At hearings last week chaired by a climate change denier and green energy critic, the utilities committee of the Kansas Senate considered a measure to limit expansion of a wind energy sector that already supplies 41% of the state’s electricity, the second-highest share in the United States.
“Not only are we talking a taking of individuals’ private property rights,” said Kimberly Svaty of the Kansas Advanced Power Alliance. “We’re also talking about literally, by way of a piece of legislation, just washing our hands of billions of dollars, billions of dollars of potential investment over the next 10 to 20 years.”
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Under the new bill, “turbines would need to be at least 1.5 miles from a home, three miles from an airport or park, and one mile from another person’s property line,” KSNT News reports. “There also couldn’t be more than one turbine per square mile,” and “the amount of shadows and noise could also be taken into consideration.”
The state wind industry “said they want to work with concerned Kansans, but a bill like this is already making some companies concerned about the future,” KSNT adds.
“To have the rug literally pulled out from underneath you, that should send a signal to all business and industry across Kansas, that maybe this isn’t the most stable place to do business,” Svaty said. “Because even if you’re successful, there could be some that are going to seek to derail you.”
In a state with 41 operating wind farms and three more under construction, the proposed legislation “would heap an unprecedented level of government regulation on Kansas’ thriving wind industry that in two decades attracted $14 billion in investment to a state economy struggling to find new opportunities for growth,” writes the non-profit Kansas Reflector. “Advocates of wind farms said Senate Bill 279 would prohibit growth of an energy resource celebrated by [Republican] Govs. Sam Brownback and Jeff Colyer and praised by Democratic Govs. Kathleen Sebelius, Mark Parkinson, and Laura Kelly,” while creating property rights issues “by retroactively muddling contracts signed as far back as 2011.”
“What it’s saying is, ‘In [the state capital of] Topeka, we want to decide what people can do in Ford County or Thomas County or counties throughout the state related to their own use of land,’” said attorney Alan Anderson, who represents energy developers. “It would completely remove your ability to use your property rights for wind energy development. Period.”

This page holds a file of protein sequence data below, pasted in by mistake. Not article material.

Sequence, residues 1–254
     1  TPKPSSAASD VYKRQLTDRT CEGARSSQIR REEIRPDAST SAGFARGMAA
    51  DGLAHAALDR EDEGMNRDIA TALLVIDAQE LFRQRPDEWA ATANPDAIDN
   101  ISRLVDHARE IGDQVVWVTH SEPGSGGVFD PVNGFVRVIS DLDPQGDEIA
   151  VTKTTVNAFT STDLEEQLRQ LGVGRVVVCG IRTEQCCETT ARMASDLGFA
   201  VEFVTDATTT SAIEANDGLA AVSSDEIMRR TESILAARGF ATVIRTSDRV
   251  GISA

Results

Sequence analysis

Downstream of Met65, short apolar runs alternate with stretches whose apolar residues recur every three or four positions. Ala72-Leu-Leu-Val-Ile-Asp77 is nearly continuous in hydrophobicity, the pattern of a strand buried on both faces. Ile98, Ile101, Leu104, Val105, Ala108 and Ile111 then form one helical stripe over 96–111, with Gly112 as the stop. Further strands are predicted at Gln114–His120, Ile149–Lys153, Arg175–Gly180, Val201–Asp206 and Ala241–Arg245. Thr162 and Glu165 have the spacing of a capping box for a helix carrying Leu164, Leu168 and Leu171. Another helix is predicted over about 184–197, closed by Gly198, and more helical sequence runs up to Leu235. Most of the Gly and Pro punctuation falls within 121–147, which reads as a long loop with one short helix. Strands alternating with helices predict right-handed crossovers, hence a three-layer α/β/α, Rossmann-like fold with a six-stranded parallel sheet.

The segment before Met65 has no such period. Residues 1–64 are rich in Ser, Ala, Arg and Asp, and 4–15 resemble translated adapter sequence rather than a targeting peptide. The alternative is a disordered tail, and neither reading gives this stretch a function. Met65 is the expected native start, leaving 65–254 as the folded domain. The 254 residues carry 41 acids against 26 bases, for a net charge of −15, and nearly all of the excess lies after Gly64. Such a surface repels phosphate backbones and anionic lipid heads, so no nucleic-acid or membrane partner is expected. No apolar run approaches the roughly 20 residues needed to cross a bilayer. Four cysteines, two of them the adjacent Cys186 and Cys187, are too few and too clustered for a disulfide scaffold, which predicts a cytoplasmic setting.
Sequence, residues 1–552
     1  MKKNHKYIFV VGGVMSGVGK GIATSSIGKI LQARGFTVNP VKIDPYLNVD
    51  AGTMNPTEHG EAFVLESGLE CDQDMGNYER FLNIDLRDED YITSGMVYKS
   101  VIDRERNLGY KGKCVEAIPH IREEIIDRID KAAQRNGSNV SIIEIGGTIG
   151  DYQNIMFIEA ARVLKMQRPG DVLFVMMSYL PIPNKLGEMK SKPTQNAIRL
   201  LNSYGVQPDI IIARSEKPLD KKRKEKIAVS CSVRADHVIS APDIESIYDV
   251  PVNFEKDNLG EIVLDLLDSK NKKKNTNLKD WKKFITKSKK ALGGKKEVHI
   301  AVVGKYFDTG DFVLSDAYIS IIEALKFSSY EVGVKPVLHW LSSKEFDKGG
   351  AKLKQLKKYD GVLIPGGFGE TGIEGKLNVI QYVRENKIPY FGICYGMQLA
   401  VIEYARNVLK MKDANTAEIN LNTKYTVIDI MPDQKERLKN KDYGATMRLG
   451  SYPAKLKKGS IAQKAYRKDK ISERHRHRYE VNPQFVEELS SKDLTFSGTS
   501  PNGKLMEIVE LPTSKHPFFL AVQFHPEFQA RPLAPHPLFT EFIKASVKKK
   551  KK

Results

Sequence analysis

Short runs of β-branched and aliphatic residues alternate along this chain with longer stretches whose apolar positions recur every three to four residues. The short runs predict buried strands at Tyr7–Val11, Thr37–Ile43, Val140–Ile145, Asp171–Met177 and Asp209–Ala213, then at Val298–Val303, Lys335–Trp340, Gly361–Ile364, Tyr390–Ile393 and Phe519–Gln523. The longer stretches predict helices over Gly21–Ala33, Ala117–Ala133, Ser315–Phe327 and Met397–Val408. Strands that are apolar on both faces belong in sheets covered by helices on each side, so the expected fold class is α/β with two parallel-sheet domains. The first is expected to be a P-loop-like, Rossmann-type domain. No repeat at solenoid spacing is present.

Reflector notes the state’s wind farms “haven’t arisen without controversy. At the county level, projects have been blocked or revised. It takes years, under the current system, to work through the regulatory process and complete agreements with landowners. Some people don’t want towering turbines and blinking lights in their line of sight. Others view turbines as an eyesore made more painful when the landowner profiting from the endeavour lives next door.”
Then there’s Republican Sen. and utilities committee chair Mike Thompson, a climate denier and alternative energy “skeptic” who worked as a TV weathercaster until 2018, then set up his own “academy” for climate and energy analysis and began pitching himself as a public speaker on the “climate change canard,” Reflector says. He was right in his element in February, suggesting that the devastating and deadly power outages in Texas were caused by renewables and that coal, nuclear, and natural gas generation would be the state’s “saviour”.
“While Thompson and other politicians pointed to frozen turbines or solar panels as causes of the disaster in Texas, investigators believe the primary issue was inadequately winterized natural gas facilities,” Reflector writes. “Federal regulators also warned a decade ago Texas power plants could fail in sufficiently frigid conditions. In addition, the decision by Texas to isolate itself from two national electric grids made it difficult on an emergency basis to funnel electricity there from Kansas and other states. The blackout disaster caused approximately US$195 billion in damage,” with a declared death toll that nearly doubled last week, to 111.
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